Private Equity Fund Terms Research – Sixth edition (Parts II & III: Alignment & Governance)
MJ Hudson has today published Parts II & III of the latest edition of its Private Equity Fund Terms Research. Now in its sixth edition, the Research provides both LPs and GPs with an enhanced understanding of the current strengths and weaknesses of the fundamental economic, alignment and governance terms impacting private equity fund commitments. It includes comparisons with previously published research and discusses the factors driving change. It relates to buyout funds, venture funds, growth funds, and turnaround funds.
Included in Part II is an examination of how the alignment between investors and fund managers is structured. It discusses the key terms that impact upon the alignment of interests between LPs and managers such as GP commitment, management fee offsets, successor fund restrictions and co-investments. Part III examines governance of private funds and present current trends regarding key investor protections.
Key findings include:
- GPs are committing more to their funds:
More managers are committing capital to their funds, with 40% of funds surveyed containing a GP commitment of 3% of commitments or above. Commitments at the lower end of the range are shrinking too, with only 10% of funds having a GP commitment of less than 2% of commitments, a drop from 35% in our previous publication.
- Full transaction fee offset in 9/10 funds:
A full 100% offset is most common, with only 11% of sampled funds not having a 100% offset. Below the headlines are qualifications around the description of fees that are eligible, however.
- Co-investments are permitted, but often without restrictions:
94% of the funds allow co-investments in their LPA, but only 45% of the funds that contemplate co-investments require that the co-investment must be on substantially similar terms as the fund’s investment, and 39% require that investment and divestment are at the same time as the fund. In practice, however, other means such as side letters can provide investors with comfort.
- No-fault removal provisions are less prevalent:
47% of the funds in this year’s sample contained a no-fault removal provision, a decrease from 63% of the funds in our previous research. The vast majority of the funds that allow no-fault removal require a qualified majority consent vote of the investors to approve the action. Only 39% of the funds with no-fault removal provisions provide no for compensation for loss of future management fee.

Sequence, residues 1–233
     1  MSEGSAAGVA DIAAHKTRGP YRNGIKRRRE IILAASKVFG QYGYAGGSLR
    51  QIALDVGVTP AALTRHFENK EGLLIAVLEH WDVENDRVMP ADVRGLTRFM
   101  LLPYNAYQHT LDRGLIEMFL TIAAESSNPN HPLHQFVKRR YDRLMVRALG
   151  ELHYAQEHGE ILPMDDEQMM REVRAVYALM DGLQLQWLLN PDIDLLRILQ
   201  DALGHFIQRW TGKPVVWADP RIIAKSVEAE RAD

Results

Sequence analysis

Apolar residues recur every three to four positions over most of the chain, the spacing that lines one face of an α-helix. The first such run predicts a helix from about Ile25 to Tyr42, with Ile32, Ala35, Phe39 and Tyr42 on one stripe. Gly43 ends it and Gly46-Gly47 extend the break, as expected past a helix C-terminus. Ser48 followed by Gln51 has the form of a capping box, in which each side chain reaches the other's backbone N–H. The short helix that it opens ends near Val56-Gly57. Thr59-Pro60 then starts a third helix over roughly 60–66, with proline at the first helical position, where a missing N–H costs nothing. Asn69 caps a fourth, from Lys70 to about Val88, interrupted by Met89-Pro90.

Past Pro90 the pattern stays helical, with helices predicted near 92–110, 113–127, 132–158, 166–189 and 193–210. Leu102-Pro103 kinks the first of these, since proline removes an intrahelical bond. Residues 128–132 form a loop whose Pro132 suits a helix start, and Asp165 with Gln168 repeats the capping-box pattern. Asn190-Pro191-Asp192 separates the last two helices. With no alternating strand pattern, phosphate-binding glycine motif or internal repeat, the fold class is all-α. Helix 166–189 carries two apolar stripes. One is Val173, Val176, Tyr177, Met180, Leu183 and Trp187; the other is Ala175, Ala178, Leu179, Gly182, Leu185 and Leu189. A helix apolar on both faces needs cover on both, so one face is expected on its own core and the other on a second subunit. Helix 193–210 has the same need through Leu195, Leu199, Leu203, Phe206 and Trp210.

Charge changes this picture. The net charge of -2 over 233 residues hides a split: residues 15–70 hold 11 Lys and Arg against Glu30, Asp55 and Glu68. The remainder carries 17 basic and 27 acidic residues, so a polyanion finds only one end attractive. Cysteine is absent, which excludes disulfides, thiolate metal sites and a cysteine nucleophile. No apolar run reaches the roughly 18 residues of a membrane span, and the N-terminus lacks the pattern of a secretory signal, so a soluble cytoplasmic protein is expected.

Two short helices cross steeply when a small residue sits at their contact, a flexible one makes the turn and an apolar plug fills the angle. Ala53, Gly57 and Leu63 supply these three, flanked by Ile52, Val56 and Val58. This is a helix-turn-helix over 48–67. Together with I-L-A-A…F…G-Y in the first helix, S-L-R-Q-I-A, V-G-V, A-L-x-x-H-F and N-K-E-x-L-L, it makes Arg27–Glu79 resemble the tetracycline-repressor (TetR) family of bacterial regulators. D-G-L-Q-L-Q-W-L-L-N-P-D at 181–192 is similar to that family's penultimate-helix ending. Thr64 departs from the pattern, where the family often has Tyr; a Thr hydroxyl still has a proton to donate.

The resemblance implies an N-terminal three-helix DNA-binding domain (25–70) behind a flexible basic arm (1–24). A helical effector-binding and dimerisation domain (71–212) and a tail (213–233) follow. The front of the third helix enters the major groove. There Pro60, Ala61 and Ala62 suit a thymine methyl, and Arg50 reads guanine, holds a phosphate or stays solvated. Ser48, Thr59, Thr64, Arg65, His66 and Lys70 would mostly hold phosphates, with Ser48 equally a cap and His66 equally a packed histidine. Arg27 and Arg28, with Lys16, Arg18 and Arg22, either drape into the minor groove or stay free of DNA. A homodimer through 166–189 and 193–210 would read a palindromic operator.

- For cause carry reductions remain shy of 100%:
When the GP is removed for cause, only 28% of funds surveyed specified that full loss of carry would follow. This figure remains broadly unchanged from our previous research.
- Change of control provisions remain popular:
77% of funds restrict the principals of the GP to transfer their entitlement to carried interest to third parties without investor (or LPAC) approval.
- 10+2 model sees a slight drop in usage:
There is an increased number of funds specifying an initial term of more than 10 years. Only 34% of funds allow for an extension to the fund’s term at the sole discretion of the GP.
Eamon Devlin, Partner of MJ Hudson | Law said:
“This proprietary research provides detailed analysis on private equity fund terms and the implications for both LPs and GPs. It includes comparisons with prior years’ research and discusses the drivers for any significant changes. As our industry continues to grapple with the disruption caused by COVID, having accurate and insightful data is more important than ever. The experience of our law firm working with both GPs and LPs means MJ Hudson can bring insight from both sides of the GP/LP equation and a consequent 360-degree view on the market”.
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